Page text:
Friday, May 25, 2018


Do you HEAR the same thing I HEAR? Does your Alexa or Google Home HEAR the same thing? Probably not, which is why you're hearing a lot of four letter words.

Last week, everyone was going nuts about how the same audio clip could be heard by some people as saying "Laurel" and by others as "Yanni".

This week, people are going nuts about how an Amazon Alexa smart speaker misheard its trigger word and then had a series of mishearing instructions, treating them as commands to call someone.

In the first case, people went less nuts when someone broke the audio down and filtered out parts to emphasize how different parts of the waveforms could be heard by some people and not others. This shapes what our ears pick up and our brain processes. Similarly, some pointed out that if we are expecting to hear something, our brain is more ready to process that.

Oddly enough... Alexa's AI works similarly. Not identically, but there are parallels.

The device itself uses a range of technologies to pick up and focus on a particular voice and eliminate background noise. In simple terms, it uses a bunch of microphones (7 in the Echo's case, 2 on a Google Home) to measure the delay in when audio signals arrive, applies Machine Learning techniques to determine what is a real command and what is just noise, and then make sure it pays attention to the real command. (Google has better AI training, so it can get away with fewer microphones.) That process is good - but still not perfect, so there are still many cases where additional noises cause interference or it can interpret one word as another or a person's voice can end up tricking the training slightly in some cases.

Since humans don't talk identically every time, Alexa and other voice recognition systems have to allow for a little bit of variance. But by allowing that, the ML systems end up relying on probabilities. The system never knows for sure that the person is who it thinks it is - just that it is "highly probable" that it is. It helps that it might only be expecting a few people, so a more narrow range of variance, but it still isn't perfect. And, once woken, it is expecting a person to say things that are still somewhat narrow, so it isn't out of the question that it "mishears" what two people are saying.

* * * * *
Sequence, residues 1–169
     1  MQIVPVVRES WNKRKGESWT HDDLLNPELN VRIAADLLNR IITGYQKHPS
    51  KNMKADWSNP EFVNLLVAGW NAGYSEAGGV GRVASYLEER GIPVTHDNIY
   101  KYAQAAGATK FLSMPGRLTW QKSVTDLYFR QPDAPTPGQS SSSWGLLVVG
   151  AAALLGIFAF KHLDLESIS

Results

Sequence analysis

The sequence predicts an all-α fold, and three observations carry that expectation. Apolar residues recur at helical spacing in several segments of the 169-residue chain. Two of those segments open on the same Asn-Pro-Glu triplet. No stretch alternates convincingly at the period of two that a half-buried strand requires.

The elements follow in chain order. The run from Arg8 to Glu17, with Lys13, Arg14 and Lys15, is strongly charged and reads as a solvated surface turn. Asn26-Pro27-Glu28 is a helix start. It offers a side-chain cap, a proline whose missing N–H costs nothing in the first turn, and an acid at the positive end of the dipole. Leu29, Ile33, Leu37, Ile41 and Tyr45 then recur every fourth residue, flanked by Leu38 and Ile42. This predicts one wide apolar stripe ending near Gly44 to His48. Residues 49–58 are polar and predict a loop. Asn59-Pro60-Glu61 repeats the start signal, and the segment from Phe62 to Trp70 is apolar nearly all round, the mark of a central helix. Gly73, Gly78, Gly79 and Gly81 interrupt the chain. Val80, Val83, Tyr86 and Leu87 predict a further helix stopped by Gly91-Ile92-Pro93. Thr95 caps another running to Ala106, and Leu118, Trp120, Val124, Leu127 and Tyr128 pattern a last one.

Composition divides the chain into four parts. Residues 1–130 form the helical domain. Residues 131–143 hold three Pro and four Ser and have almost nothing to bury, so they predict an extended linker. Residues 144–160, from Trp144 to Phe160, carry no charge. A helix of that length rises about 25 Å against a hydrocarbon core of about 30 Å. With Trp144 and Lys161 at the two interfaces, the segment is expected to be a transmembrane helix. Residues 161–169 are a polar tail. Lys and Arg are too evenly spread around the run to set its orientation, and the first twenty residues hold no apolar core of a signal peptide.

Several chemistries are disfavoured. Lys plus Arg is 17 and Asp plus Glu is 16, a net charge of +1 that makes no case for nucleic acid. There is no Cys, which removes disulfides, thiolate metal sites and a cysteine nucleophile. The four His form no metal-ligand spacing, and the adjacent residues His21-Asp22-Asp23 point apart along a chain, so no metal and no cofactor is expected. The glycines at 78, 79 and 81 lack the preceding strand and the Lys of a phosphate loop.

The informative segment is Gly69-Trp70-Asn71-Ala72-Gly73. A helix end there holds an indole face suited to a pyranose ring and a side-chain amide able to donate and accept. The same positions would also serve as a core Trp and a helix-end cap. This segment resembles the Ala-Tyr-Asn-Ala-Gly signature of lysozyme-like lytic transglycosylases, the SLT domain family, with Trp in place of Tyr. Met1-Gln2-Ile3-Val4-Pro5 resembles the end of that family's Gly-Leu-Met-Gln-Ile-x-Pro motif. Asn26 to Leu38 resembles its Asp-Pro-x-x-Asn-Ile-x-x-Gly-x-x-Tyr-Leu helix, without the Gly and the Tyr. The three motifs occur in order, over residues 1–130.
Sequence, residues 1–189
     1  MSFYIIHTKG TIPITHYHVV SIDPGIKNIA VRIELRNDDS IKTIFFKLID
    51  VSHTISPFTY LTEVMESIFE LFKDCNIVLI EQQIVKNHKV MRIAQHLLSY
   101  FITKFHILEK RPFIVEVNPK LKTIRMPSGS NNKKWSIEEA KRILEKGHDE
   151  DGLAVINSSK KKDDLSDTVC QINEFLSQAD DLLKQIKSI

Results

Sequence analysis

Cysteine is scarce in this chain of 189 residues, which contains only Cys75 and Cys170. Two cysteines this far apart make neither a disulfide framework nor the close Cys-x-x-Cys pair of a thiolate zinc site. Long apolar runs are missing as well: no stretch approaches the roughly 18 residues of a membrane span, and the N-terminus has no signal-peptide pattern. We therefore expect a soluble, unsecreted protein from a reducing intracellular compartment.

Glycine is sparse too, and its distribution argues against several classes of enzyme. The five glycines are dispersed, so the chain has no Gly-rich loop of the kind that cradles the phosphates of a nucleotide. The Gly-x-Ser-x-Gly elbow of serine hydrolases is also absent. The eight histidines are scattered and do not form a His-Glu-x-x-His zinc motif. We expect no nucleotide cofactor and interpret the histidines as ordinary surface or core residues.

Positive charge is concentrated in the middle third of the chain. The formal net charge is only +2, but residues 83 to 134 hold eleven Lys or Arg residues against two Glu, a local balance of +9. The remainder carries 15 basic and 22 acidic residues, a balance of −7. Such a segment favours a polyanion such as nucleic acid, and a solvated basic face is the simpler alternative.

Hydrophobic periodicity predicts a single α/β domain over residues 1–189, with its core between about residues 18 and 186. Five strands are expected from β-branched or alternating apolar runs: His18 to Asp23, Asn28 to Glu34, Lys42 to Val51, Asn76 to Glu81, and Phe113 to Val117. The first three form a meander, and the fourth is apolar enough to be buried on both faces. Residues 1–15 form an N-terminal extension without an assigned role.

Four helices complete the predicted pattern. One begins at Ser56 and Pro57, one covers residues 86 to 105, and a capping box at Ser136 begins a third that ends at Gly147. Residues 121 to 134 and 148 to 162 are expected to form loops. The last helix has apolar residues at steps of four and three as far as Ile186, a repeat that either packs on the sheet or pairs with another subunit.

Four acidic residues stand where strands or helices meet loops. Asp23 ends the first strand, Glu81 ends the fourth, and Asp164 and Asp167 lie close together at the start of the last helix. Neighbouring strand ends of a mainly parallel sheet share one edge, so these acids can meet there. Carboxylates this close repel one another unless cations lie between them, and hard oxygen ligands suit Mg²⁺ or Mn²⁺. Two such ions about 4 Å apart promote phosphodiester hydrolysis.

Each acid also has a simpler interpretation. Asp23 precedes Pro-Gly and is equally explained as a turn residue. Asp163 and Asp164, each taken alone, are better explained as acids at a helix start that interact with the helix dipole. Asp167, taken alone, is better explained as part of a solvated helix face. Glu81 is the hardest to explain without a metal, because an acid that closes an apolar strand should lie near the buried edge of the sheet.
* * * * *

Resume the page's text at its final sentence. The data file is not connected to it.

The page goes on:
(I'm sure that audio experts, AI/ML experts, and pretty much everyone else will call say I'm simplifying the problem. I am.)

If you're ever curious what it is that your Alexa or Google Home hears, both let you play it back. Google offers this through it's Activity Console (which shows everything Google thinks you've done - you can filter just on the Assistant). Alexa offers this on the mobile app in Settings -> History. In both cases, you can see the command itself and play the audio. Go ahead and take a listen - it may be more difficult than you think.

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